Associate Provost (Policies, Procedures and Equity) Lydia White said she was in favour of live streaming meetings in general, adding, “We have to acknowledge that we live in a world where people do tweet, and I hope we do have the sense to not be overly influenced by those messages.”

According to McGill Secretary-General Stephen Strople, the live stream from November’s Senate meeting had received 836 hits.

Administrative and Support Staff representative Gregg Blachford said that, while there could be some negative aspects to it, senators also“have to think of negative aspects of not doing it.”

The message that would go out that we’re opening this up would be breath of fresh air…that we want to open and visible,” he said. “When we did have it open [in November] I didn’t think that people were playing to the camera, and I think it would obtain that equilibrium overtime.”

Management Senator Hamid Etemad, however, said public broadcasting of Senate could endanger McGill’s pursuit of research grants and other funding, as some of their strategies would be visible to competing universities.

At the end of the day we are very much a competitive institution, and every once in a while a little bit of secrecy should be taken into account,” he said.

A separate committee will be formed to report to Senate on possibly expanding the recording of Senate, once more information has been ascertained.

Renaming James Square

Student Senator Usman Bin Shahid asked a question at the meeting regarding the informal renaming of “James Square,” which was renamed “Community Square” after the events of November 10. Bin Shahid asked whether the administration is “willing to consult with members of the McGill community to rename James Square after the events of November 10?”

Strople responded that the name “commemorates McGill’s historical ties and traditions” to the Governor General’s office, who is the official “Visitor” to the University.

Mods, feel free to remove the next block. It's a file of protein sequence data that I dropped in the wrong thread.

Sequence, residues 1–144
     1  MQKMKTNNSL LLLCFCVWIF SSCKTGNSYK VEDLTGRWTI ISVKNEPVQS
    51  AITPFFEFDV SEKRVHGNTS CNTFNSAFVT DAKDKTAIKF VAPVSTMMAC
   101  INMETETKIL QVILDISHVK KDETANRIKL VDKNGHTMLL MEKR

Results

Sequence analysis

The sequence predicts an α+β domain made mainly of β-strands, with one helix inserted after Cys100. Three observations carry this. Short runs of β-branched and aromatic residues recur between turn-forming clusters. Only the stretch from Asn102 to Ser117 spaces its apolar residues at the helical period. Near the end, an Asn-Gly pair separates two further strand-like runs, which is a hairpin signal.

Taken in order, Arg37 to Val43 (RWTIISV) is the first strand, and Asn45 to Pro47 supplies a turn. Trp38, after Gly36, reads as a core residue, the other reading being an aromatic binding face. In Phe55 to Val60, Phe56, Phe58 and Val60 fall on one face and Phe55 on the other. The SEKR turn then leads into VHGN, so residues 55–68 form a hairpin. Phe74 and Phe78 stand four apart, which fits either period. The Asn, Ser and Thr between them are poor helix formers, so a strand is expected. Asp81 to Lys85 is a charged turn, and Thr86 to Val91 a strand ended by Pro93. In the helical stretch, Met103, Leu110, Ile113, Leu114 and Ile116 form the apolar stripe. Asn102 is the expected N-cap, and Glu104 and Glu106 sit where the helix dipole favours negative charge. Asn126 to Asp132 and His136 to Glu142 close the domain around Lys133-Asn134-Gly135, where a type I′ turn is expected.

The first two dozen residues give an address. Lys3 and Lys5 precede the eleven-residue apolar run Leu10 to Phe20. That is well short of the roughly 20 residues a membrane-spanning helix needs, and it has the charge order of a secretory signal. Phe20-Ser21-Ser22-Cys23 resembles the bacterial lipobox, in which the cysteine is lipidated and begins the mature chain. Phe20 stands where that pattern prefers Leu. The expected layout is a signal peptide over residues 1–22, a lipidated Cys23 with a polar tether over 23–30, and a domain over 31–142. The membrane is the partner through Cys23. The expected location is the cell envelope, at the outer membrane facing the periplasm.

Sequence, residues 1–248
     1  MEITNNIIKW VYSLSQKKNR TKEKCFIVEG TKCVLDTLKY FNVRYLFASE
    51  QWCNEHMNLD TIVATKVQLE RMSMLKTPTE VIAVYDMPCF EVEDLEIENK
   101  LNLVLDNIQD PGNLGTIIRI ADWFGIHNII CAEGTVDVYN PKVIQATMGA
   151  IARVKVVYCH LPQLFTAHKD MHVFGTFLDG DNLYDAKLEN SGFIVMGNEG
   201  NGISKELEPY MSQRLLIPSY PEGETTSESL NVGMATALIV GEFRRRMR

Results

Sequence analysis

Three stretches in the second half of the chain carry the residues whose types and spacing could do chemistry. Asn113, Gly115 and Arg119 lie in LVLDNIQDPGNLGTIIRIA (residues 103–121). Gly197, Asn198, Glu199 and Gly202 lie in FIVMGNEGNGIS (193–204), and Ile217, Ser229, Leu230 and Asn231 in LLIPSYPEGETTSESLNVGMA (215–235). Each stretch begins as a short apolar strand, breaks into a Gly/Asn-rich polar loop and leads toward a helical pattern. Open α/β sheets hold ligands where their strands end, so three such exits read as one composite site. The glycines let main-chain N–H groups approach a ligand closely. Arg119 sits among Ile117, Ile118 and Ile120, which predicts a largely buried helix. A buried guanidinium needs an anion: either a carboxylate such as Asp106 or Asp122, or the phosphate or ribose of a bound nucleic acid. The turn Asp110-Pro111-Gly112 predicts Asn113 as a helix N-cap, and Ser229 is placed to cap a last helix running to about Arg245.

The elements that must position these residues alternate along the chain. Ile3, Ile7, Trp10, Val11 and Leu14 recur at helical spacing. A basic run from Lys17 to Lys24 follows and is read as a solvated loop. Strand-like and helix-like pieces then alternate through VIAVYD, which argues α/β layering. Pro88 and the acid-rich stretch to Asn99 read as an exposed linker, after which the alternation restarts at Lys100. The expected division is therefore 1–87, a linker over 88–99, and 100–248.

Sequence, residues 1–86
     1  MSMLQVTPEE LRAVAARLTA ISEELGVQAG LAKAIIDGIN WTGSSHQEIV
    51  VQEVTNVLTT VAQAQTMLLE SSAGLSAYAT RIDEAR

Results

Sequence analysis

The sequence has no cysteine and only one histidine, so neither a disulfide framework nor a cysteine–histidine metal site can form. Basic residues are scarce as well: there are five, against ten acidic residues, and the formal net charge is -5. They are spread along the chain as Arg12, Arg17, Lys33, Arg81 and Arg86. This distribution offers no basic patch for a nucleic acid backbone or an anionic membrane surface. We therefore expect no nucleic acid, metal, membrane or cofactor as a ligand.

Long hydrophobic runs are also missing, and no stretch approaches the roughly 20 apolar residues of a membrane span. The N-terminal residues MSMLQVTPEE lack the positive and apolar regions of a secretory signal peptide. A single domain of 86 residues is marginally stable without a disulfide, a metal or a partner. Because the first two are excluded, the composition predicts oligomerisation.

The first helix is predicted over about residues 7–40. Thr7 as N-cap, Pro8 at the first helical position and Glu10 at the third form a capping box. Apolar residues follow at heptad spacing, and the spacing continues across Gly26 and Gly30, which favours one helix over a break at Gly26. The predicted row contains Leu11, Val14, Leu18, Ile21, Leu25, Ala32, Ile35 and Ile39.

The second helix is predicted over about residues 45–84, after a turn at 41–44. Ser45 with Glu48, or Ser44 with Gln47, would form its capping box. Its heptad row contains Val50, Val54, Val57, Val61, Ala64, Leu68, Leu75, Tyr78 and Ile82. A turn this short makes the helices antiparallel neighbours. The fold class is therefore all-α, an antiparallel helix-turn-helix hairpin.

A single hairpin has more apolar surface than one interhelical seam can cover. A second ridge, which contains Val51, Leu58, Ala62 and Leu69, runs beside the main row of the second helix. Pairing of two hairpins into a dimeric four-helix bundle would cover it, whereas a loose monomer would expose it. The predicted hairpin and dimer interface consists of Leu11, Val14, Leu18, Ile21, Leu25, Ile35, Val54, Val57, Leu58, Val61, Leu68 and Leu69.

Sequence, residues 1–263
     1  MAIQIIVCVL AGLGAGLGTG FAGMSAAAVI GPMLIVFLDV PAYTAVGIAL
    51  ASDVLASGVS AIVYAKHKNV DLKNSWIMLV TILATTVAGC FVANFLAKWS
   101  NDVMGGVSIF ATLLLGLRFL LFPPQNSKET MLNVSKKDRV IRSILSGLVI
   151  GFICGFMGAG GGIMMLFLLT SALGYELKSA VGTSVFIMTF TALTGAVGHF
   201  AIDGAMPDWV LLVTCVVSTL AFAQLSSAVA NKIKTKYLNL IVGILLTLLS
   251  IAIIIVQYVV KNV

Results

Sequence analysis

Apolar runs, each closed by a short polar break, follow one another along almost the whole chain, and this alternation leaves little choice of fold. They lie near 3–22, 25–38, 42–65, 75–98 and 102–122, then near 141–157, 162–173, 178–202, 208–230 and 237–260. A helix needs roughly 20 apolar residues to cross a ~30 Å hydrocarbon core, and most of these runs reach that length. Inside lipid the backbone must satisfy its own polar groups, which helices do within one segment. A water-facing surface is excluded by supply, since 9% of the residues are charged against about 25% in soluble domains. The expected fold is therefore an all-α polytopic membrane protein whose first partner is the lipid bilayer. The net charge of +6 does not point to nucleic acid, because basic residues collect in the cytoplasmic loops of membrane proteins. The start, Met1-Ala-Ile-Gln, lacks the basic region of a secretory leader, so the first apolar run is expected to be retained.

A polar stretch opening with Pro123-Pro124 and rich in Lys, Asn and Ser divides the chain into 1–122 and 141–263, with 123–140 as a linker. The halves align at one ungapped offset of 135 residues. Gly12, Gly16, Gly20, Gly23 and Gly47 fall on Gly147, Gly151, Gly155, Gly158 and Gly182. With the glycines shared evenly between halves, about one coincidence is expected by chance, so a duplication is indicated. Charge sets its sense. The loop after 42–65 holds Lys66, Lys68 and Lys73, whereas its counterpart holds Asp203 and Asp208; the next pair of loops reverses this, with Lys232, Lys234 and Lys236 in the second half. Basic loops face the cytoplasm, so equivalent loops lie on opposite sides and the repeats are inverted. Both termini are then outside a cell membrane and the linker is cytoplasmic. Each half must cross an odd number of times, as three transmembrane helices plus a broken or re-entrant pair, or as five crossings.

Strople said that, while the name “James Square” has been officially recognized by the Board of Governors, the naming ceremony will not take place until 2012 because Governor General Peter Johnston was unable to attend the 2011 date for the ceremony.

If there is an interest in proposing an alternate name, there is a process [to do so],” said Strople.“Any member of McGill community may propose a name, so there’s a full and open opportunity for anyone in community to come forward and propose a name.”

Re-evaluating McGill’s governance structure

A question from SSMU VP University Affairs Emily Clare asked how the University could provide more effective methods for staff and students to engage in University governance.

We feel our only engagement in discourse is reactive,” said Clare.

Deputy Provost (Student Life and Learning) Morton Mendelson replied that, “Among peer institutions, McGill is at the very inclusive end of student membership and participation in governance.”

Mendelson then provided numerical examples of other universities with smaller student membership and participation ratios in comparable governing bodies, including the universities of British Columbia, Alberta, Michigan, and North Carolina – Chapel Hill.

Mendelson also noted that one-year terms for student representative terms is a significant problem, but that Senate would work in the future to better orient student representatives to Senate procedures and long-term issues.

PGSS Senator Lily Han responded that senators “have to keep in mind issues such as differential power dynamics, and not just about numbers being there.”

Sometimes it can be tokenistic,” she continued. “As someone who’s part of those statistics, sometimes a student is there, but is not part of actual the decision-making process.”